Compendium Tutorial on Monday, November 28

Maarten Sierhuis is offering a free Compendium tutorial tomorrow, November 28, 11am-1pm PT, via telephone and WebEx. If you’re interested in participating, drop him an email at msierhuis-at-mail-dot-arc-dot-nasa-gov, and he’ll forward you the call-in information. This is a great way to get some real exposure to Compendium quickly. See Maarten’s original announcement for more information.    (K1R)

Also, proceedings from the Compendium Institute Workshop earlier this month are now available. You can download the PDF of the papers or view the maps of the presentations.    (K1S)

Why I Love Compendium And You Should Too

I just spent two outstanding days at the Compendium Institute workshop in Washington, D.C. Folks, if you are interested in collaboration, you must learn about Compendium.    (JZU)

Compendium is a conversation mapping (or Dialogue Mapping) tool that, simply put, makes meetings better. When paired with a relatively straightforward methodology, Compendium can make a huge difference on the quality of your meetings.    (JZV)

But Compendium is about much, much more than meeting facilitation. If you scratch below the surface, you’ll discover deep thinking about collaboration, hypertext modeling, visual languages, Collective Memory, Shared Understanding, and the art of listening.    (JZW)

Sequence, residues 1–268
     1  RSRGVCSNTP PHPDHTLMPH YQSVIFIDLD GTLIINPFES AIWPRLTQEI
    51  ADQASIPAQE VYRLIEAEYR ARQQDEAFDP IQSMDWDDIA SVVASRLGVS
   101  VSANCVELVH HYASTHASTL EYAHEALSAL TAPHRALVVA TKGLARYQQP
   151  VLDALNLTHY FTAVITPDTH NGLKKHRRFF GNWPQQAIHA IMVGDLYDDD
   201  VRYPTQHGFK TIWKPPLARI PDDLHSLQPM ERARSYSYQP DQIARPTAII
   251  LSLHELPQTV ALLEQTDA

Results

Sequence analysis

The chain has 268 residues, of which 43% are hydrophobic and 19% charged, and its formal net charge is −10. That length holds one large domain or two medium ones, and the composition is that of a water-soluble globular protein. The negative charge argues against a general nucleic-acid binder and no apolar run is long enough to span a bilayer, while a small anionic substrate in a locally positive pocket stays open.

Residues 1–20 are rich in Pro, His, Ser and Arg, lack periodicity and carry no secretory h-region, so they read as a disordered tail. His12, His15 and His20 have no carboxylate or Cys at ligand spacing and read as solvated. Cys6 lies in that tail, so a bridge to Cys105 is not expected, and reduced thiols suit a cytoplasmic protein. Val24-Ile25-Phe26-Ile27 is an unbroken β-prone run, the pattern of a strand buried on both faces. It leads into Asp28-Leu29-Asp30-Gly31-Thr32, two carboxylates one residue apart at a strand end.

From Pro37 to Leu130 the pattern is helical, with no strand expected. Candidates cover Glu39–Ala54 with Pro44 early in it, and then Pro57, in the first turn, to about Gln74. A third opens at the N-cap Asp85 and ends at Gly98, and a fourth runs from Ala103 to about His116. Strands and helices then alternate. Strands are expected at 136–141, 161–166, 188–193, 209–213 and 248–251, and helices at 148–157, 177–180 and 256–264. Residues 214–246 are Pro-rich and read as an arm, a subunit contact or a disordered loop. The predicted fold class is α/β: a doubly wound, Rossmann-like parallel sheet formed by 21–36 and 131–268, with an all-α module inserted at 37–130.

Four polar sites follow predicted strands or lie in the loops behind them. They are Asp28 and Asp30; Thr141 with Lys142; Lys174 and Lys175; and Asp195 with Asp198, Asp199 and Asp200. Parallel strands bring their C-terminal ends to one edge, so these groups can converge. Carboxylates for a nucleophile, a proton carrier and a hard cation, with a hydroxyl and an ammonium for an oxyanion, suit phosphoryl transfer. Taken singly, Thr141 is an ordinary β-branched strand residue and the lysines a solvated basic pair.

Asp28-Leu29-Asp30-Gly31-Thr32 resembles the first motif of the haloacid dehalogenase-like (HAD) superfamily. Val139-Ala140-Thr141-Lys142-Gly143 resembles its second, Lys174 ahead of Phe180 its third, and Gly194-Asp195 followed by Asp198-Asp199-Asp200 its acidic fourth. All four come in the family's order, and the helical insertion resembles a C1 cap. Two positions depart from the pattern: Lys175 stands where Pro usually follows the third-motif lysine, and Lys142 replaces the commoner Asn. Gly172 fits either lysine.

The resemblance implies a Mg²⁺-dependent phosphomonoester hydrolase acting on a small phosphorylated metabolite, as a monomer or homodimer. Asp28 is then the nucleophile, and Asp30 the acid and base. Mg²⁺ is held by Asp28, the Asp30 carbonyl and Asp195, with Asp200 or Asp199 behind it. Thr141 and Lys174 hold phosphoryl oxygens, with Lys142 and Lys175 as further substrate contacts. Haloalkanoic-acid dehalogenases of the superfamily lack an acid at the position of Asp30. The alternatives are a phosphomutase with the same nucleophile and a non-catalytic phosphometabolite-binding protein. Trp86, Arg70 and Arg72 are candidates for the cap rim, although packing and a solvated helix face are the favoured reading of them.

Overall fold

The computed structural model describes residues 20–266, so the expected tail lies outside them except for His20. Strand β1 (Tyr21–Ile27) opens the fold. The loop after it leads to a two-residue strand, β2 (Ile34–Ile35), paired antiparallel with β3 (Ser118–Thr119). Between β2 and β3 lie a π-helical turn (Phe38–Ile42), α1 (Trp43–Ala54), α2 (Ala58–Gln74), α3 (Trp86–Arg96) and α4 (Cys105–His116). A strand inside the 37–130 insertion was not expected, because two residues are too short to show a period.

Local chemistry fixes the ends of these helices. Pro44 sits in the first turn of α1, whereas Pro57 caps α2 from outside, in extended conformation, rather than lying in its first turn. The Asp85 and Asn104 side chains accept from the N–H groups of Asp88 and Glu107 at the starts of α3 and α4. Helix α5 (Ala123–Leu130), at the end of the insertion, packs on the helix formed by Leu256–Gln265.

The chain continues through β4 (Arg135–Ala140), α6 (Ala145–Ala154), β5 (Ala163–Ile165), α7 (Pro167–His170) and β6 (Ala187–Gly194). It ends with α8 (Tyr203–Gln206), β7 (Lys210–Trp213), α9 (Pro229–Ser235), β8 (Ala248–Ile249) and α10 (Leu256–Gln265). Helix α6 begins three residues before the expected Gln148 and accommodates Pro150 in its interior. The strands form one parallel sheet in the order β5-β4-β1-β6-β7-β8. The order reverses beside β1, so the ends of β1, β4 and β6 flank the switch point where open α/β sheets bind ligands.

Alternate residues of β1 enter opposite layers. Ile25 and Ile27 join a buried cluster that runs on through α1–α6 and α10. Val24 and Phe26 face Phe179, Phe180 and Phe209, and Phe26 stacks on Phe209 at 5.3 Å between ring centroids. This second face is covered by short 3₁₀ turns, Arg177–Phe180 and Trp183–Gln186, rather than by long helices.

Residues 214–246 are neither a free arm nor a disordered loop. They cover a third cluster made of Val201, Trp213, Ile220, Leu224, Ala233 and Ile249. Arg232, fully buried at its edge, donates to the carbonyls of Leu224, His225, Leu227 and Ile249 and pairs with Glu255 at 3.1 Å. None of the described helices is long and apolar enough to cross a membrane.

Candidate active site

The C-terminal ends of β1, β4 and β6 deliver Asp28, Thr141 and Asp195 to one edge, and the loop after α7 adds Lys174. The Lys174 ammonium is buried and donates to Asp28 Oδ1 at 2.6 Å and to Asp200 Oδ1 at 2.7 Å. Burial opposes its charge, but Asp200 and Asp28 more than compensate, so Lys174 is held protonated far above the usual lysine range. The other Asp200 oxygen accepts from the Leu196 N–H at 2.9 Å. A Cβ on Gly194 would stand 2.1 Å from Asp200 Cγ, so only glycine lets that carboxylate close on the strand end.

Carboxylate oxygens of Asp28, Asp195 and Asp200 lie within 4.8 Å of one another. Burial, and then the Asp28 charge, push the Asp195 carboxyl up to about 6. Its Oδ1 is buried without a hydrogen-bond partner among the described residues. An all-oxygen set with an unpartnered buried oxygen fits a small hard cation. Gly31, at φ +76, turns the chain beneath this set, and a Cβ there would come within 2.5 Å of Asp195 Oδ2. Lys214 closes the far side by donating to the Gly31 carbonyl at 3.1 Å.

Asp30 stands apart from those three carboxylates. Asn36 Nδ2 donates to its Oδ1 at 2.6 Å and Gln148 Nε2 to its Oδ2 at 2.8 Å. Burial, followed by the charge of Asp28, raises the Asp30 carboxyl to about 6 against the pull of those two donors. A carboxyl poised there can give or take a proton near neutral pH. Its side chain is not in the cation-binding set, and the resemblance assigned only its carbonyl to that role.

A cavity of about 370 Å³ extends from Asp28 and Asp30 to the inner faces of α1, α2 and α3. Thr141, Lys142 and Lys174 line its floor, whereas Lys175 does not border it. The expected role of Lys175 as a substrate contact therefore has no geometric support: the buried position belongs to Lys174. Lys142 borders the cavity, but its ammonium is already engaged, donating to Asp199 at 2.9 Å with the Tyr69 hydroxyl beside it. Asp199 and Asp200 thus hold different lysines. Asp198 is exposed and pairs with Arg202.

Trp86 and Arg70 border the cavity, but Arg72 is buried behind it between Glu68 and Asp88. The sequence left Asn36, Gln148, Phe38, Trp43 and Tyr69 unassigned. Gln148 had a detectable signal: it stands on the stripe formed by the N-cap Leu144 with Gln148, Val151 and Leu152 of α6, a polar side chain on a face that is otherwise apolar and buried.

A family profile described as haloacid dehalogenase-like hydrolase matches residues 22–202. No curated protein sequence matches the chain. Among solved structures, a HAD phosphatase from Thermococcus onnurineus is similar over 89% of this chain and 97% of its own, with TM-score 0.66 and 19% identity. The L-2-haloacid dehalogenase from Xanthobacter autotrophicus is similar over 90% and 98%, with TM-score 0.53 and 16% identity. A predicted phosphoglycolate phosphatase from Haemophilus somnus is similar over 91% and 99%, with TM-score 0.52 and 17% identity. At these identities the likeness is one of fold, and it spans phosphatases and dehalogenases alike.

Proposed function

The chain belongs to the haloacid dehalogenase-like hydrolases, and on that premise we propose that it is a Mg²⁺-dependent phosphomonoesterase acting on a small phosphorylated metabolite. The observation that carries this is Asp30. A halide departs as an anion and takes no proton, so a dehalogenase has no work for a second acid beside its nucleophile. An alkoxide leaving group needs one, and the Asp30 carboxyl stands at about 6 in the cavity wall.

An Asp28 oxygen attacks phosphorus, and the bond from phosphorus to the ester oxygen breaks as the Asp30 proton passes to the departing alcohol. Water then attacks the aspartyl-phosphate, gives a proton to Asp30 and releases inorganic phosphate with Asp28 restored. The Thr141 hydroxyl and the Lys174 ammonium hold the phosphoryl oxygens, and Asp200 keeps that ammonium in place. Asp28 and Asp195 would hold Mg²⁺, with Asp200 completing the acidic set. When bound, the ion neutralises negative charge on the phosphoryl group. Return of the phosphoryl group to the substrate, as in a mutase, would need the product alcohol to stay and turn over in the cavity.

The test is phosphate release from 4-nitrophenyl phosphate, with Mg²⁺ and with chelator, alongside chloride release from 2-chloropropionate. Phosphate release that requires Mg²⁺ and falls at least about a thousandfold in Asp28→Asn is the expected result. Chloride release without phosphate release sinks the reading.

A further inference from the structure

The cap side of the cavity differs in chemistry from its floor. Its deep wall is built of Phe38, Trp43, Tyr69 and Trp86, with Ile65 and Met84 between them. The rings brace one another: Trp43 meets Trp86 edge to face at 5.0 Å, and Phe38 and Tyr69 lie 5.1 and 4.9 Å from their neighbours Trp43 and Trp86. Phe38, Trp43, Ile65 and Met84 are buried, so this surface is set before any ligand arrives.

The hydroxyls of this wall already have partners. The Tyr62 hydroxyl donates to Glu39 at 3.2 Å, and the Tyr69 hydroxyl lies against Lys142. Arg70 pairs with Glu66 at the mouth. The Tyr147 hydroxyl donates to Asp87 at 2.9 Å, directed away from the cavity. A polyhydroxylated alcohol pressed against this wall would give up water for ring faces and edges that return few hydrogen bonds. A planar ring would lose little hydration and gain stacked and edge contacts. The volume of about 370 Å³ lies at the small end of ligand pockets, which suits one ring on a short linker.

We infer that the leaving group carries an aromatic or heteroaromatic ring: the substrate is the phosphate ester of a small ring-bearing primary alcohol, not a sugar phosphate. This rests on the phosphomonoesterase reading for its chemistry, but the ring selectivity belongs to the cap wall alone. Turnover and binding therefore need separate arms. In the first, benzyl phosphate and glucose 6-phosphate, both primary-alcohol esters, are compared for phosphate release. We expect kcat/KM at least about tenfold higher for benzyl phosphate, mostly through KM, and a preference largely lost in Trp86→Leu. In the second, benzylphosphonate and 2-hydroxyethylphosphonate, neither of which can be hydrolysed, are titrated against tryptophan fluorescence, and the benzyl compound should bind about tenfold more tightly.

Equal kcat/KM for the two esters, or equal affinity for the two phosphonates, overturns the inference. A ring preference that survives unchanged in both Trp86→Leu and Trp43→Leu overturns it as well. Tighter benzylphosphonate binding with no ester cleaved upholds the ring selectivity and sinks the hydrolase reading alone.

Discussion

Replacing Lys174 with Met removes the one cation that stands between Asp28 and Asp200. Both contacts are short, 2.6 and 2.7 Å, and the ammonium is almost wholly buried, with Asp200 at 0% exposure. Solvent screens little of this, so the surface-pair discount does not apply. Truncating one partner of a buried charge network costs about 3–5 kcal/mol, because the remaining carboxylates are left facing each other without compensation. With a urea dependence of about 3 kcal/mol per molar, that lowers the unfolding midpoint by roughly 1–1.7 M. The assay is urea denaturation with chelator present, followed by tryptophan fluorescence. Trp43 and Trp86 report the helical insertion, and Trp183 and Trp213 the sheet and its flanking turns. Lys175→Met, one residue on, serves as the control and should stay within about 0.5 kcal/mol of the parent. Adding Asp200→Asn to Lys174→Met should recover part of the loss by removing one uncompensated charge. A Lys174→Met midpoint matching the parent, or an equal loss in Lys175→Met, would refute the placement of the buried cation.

Simon Buckingham Shum had a great line at the workshop: “Compendium is like Excel for knowledge.” He’s absolutely right. Just as mortals can build sohisticated number crunching applications with spreadsheets, mortals can easily build useful knowledge applications with Compendium.    (JZX)

But Compendium is about even more than that! Compendium, to me, represents an incredibly rich community of practitioners, deep thinkers, and overall good people. I talk a lot about the importance of bridges — folks who speak the languages of multiple cultures or disciplines. Almost everyone in the Compendium community is a bridge of some sort. To be a Compendium guru, you need to have a knack for facilitation, a brain for visual modeling, and comfort with computers. Everyone in the community has at least two of these traits, and some folks even have all three.    (JZY)